With this dossier prepared for Latin American Literature Today, we invite readers to get to know one of the most relevant writers of recent Argentine and Latin American literature. Our goal is to offer our readers entrance and exit doors to Enriquez’s work. In “The Gothic Feminism of Mariana Enriquez,” Ana Gallego Cuiñas builds upon a rather unusual phenomenon: the interest that this Argentine writer’s work has aroused, in the academy as well as the reading public. She explains that “her stories of monsters, ghosts, witches, sick people, and crazed women leave the reader with no escape route, as if they were mirrors, warped and out of focus, that show the invisible Other in their reflection, just as they illuminate our most sadistic and repressed side.” Enriquez thereby concocts what this critic calls a “gothic feminism,” situated within a global gothic that stands out as one of the salient traits of our present-day culture. Enriquez’s variant represents “the empowerment of women, building upon the sinister, as a process of subjectivization” in which “the disturbing is within subjects, within ideology ... and within bodies divided and marked by social class, ethnicity, and gender.” For this reason, in the door that Gallego Cuiñas opens on Enriquez, the deconstruction of the normative through literary horror makes her texts necessary for our age. For my part, in “Building Mariana Enriquez: Ten Theses,” I analyze her two books of short stories, recognizing that her chronicles, biography, and journalistic texts also deserve attention. Acknowledging the incursion into the gothic that the author herself verifies in interviews, my entryway into Enriquez’s world looks out over fear and bodies, elements that are combined with her phrasing, her predilection for popular myths, and the protagonism of young people to define a style and a subject matter based upon a “disappearance matrix.” In the end, I propose a task that remains to be completed: pinning down the coordinates of a possible “feminine/feminist (?) fantastic, gothic, horror, or weird fiction.” Marcelo Rioseco, in “Nuestra parte de noche: Reading Mariana Enriquez and the Problems of the Political,” points out that this author has been read either through the political-feminist prism (by scholars coming from academia) or through the prism of the horror genre (by most cultural critics and journalists). Turning to her latest and most ambitious novel, Rioseco believes “it is worthwhile at least to think of politics as a problem for the imagination within the literature of the third world.” Nuestra parte de noche, in this sense, “inaugurates a genre that didn’t exist before, and lays as the first brick a monstrous book, almost seven hundred pages long.” In this way it resembles The Savage Detectives, in that it wagers on the uncertain. Enriquez knows the gothic like the back of her hand, but the originality of her work lies not there, but rather in having constructed “a solid fiction, plausible in its conventions.” The dossier concludes with Arthur Dixon’s interview of Enriquez, in which the Argentine writer recalls her beginnings as a writer, explains the “unforgettable” condition of a good short story in comparison to the “immersion” of the novel, speaks about the ways in which political violence makes itself present in Latin American fiction, and explains what it means to write “Latin American horror.”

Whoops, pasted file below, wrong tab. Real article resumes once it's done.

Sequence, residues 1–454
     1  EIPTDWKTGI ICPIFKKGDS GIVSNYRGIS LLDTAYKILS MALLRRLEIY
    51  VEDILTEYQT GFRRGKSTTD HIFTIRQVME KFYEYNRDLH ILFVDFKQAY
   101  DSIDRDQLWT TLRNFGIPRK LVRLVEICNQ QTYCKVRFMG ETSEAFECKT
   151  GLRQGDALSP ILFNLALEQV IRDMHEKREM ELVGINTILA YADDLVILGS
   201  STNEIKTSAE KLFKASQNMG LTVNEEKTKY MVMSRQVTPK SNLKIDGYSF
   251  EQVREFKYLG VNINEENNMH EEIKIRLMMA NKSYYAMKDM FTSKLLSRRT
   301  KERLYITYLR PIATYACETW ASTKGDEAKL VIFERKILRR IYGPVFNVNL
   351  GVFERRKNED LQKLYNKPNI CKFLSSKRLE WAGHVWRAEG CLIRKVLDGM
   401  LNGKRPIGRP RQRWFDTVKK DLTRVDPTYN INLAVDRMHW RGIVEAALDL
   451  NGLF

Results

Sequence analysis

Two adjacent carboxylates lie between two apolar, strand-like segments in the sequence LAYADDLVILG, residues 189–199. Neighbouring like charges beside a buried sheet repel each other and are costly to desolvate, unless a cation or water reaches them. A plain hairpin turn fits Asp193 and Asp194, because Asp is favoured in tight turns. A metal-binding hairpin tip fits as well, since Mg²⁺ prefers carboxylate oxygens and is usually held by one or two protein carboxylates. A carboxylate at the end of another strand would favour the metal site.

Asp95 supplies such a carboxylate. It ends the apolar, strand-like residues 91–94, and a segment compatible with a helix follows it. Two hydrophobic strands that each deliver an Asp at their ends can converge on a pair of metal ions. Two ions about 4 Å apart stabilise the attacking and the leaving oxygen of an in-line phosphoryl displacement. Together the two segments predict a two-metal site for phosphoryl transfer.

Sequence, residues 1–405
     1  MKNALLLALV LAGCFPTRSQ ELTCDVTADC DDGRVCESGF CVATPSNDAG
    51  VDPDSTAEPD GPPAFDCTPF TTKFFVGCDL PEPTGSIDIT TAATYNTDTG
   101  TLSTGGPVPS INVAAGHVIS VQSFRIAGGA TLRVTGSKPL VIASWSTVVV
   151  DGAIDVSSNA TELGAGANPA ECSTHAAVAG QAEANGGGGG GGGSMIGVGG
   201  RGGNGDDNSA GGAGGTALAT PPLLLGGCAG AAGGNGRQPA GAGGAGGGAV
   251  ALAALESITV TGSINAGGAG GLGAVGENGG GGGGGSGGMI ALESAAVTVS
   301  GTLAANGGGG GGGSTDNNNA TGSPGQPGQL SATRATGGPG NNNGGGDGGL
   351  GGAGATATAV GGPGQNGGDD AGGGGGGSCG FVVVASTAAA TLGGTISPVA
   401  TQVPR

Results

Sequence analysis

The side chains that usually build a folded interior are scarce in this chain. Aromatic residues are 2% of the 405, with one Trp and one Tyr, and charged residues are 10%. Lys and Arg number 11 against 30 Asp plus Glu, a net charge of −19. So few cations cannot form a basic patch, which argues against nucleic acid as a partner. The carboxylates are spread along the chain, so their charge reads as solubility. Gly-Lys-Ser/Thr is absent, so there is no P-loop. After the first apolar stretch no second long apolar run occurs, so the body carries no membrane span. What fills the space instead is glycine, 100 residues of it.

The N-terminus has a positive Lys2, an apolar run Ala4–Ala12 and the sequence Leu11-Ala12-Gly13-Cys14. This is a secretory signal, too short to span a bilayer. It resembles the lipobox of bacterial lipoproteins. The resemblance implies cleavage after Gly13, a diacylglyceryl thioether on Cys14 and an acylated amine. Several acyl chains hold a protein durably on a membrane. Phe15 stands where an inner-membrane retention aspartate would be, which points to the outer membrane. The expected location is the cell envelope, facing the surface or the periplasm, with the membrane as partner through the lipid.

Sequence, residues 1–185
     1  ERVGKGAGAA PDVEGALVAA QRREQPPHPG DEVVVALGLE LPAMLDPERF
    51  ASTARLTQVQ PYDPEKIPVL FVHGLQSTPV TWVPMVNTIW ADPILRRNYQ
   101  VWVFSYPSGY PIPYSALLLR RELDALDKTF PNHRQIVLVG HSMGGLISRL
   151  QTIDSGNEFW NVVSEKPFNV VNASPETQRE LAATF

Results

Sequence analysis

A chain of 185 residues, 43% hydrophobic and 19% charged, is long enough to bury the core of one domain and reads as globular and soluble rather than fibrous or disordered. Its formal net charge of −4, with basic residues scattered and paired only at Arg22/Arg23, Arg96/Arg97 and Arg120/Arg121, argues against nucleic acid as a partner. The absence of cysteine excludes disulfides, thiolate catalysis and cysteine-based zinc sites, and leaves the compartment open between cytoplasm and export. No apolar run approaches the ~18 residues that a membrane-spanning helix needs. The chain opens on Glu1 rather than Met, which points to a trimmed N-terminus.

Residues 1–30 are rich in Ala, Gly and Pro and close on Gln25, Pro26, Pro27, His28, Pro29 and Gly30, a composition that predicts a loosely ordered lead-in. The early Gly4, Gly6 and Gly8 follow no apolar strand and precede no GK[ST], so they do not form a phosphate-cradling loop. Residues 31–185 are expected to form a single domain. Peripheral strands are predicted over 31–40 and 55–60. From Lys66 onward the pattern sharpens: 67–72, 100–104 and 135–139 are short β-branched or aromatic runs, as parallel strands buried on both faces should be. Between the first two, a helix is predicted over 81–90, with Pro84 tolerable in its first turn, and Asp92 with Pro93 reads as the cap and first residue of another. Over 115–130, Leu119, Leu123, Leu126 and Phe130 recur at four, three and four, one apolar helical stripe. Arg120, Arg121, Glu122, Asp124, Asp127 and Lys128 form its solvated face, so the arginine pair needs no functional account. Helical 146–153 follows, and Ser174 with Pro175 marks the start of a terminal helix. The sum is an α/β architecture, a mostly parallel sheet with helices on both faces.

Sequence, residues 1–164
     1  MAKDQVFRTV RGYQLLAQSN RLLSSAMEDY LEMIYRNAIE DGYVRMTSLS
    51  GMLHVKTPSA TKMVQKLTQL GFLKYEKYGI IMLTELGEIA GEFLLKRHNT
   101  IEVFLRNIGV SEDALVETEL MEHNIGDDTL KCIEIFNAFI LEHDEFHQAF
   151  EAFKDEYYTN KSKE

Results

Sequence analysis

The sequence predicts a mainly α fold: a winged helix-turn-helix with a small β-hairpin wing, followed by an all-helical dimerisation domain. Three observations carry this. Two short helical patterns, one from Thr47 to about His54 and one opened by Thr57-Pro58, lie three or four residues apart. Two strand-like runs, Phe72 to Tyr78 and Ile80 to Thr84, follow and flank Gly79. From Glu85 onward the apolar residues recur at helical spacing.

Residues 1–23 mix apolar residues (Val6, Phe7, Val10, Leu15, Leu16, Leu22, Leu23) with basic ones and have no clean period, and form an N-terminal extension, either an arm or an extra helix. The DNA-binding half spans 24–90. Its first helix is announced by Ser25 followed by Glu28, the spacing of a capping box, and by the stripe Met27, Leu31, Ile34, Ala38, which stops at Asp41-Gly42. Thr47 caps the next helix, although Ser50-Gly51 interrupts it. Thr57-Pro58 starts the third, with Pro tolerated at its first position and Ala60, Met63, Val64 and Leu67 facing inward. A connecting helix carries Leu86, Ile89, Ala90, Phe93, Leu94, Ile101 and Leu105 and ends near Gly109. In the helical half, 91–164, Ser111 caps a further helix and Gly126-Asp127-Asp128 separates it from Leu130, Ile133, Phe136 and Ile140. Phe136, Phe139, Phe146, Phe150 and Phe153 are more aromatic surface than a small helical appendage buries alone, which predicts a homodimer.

“Come sail your ships around me / And burn your bridges down. / We make a little history baby / Every time you come around / Come loose your dogs upon me / And let your hair hang down. / You are a little mystery to me / Every time you come around,” say the first lines of Nick Cave’s song. In this release of moorings, this lighting of fires, this preservation of mystery, Mariana Enriquez concocts her own literary story.
Translated by Arthur Dixon
Pablo Brescia is professor at the University of South Florida (Tampa), where he teaches courses on 20th and 21st century Latin American literature, culture and film. He is the author of Borges. Cinco especulaciones (2015) and Modelos y prácticas en el cuento hispanoamericano: Arreola, Borges, Cortázar (2011), and the editor of six other academic books on McOndo and the Crack generations, Cortázar, Mexican flash fiction, the Latin American short story sequence, Borges, and Sor Juana Inés de la Cruz. He has published three books of short stories: La derrota de lo real/The Defeat of the Real (USA/Mexico, 2017), Fuera de Lugar/Out of Place (Peru, 2012/Mexico, 2013) and La apariencia de las cosas/The Appearance of Things (México, 1997), and a book of hybrid texts No hay tiempo para la poesía/No Time for Poetry (Buenos Aires, 2011), with the pen name Harry Bimer.
Arthur Dixon works as a translator and as Managing Editor of Latin American Literature Today. His translation of Andrés Felipe Solano’s “The Nameless Saints” (WLT, Sept. 2014) was nominated for a 2014 Pushcart Prize, and his most recent project is a book-length translation of Arturo Gutiérrez Plaza’s Cuidados intensivos (see WLT, Sept. 2016).
The fourteenth issue of Latin American Literature Today features dossiers dedicated to the dislocated writing of Latin American authors based in the United States and the gothic fiction of Mariana Enriquez, plus reflections on writing in a second language by Fabio Morábito, an interview with 2019 Alfaguara Prize winner Patricio Pron, and exclusive translation previews from Guadalupe Nettel, Gabriela Wiener, and Luis Alejandro Ordóñez.